Pennsylvania's Reading school district is facing a $11 to $15 million shortfall due to an auditing error, potentially leaving thousands of school staff and educators without paychecks come March, 69 News reports.
The specifics of the auditing error are unclear, but a special meeting is scheduled for Monday for board members "to address the issues," according to the station.
Reading was considered the poorest city in the country last year, and the district was set to entirely lose its pre-kindergarten program until the state provided funds to save it. Facing a $40 million budget deficit, Reading's school board also cut back on special courses, furloughed teachers and laid off more than 110 educators.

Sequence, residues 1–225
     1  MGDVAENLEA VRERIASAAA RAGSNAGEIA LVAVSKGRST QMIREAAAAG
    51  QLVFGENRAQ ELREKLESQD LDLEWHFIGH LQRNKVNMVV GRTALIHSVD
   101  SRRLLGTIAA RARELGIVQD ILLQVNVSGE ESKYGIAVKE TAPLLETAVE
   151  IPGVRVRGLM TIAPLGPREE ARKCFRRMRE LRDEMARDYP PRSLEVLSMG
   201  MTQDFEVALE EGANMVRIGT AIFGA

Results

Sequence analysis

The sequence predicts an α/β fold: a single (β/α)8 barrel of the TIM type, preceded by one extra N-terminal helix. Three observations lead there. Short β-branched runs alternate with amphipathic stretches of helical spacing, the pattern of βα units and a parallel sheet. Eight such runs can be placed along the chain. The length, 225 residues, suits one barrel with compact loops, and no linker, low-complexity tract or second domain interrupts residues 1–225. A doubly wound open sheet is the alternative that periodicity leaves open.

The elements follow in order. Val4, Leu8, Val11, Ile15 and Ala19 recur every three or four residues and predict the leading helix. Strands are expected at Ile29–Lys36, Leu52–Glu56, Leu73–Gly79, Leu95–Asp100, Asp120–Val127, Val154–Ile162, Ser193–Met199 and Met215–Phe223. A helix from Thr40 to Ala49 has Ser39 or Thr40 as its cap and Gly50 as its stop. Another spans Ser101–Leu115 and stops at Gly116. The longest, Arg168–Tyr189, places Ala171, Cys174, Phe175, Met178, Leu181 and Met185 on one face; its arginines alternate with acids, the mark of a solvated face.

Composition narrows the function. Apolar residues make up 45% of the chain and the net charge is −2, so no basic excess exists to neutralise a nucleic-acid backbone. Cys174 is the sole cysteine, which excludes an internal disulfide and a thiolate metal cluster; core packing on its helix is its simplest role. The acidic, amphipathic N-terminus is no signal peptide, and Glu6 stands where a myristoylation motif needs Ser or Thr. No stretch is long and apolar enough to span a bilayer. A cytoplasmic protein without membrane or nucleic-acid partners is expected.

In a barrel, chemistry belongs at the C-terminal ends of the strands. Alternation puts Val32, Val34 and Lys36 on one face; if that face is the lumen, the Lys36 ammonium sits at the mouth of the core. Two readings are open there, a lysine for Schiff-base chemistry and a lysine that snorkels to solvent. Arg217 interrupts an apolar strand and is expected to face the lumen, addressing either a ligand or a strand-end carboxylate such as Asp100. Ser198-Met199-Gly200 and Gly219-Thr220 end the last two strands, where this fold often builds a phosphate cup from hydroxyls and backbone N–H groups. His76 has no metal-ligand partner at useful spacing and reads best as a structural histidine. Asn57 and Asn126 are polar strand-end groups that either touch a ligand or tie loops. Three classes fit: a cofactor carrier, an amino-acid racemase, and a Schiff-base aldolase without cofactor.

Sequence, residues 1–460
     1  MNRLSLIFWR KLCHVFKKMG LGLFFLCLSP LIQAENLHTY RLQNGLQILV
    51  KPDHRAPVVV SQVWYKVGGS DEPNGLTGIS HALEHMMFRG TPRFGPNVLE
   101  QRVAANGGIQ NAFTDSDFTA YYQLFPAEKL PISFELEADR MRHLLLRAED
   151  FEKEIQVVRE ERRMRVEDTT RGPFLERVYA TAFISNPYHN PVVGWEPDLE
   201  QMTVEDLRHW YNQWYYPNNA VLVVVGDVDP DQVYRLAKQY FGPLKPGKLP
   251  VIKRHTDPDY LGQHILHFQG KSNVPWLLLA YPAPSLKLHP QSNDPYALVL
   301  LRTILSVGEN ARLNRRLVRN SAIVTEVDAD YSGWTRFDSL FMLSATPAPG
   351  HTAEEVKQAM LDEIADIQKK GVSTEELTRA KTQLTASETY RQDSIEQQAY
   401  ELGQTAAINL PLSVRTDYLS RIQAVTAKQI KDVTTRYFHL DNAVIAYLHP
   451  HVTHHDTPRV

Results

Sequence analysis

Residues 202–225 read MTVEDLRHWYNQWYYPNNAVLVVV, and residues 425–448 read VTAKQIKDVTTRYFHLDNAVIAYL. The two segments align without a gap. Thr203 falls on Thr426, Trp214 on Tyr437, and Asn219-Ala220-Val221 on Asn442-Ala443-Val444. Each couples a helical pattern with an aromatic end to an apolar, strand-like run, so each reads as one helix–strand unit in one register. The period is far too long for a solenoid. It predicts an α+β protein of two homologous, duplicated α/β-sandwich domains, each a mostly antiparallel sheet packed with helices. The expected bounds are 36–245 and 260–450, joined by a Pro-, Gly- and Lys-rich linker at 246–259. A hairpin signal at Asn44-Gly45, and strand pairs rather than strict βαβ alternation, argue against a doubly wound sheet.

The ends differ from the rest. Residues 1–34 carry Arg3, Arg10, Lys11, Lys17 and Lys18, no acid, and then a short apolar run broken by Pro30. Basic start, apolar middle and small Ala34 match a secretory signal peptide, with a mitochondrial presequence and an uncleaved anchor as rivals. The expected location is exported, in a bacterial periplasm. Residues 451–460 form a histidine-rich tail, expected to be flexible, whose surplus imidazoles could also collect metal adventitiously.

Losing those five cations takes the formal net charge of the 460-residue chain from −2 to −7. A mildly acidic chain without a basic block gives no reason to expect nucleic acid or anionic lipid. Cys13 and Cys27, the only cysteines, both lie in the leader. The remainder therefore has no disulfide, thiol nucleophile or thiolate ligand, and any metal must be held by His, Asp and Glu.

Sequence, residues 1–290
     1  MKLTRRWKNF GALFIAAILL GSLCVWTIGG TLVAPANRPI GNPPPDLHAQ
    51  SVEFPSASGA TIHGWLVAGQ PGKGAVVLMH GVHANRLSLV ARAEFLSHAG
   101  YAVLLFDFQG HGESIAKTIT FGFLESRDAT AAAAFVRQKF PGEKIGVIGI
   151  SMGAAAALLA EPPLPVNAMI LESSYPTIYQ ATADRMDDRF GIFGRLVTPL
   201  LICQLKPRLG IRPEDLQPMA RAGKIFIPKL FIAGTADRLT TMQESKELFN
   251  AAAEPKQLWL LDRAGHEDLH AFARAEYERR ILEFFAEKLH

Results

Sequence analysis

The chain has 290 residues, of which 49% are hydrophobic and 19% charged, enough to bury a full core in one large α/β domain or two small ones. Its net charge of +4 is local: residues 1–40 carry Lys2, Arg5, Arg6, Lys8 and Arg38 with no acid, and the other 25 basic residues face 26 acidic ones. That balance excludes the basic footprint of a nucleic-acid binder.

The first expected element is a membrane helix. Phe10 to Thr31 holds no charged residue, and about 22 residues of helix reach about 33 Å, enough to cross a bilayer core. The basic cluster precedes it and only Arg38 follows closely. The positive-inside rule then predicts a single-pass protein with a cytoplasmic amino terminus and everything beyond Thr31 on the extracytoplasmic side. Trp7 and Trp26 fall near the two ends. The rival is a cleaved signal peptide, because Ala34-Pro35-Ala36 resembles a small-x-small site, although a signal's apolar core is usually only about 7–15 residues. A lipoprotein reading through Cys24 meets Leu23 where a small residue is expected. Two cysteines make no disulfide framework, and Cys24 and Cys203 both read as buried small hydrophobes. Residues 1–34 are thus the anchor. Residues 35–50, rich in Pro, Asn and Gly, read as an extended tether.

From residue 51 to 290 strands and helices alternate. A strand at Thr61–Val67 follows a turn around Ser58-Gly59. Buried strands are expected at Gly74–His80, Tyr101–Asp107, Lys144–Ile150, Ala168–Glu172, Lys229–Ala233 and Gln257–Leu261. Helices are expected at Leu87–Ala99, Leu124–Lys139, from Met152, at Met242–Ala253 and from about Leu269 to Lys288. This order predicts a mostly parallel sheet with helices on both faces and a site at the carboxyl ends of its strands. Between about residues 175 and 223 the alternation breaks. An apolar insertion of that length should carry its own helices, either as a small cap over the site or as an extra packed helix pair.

Now, the district has 13 percent fewer teachers on its payroll and furloughed rehires are teaching subjects outside their realms of expertise, a Huffington Post investigation found. Vocational and technology classes ceased to exist, fewer security guards now patrol campuses and pre-kindergarten capacity is half what it once was.
The school system has also seen significant turnover, perhaps contributing to inconsistencies and exposing the district's operations to greater risk of error. Four superintendents have cycled through Reading in the last three years, and the school board fired all its central managers last spring, leaving for months just one district administrator -- the head of human resources.
"At face value, it looks like somebody dropped the ball," Reading Mayor Vaughn Spencer, a longtime teacher, told The Huffington Post in October. "But I can't say whose fault that is."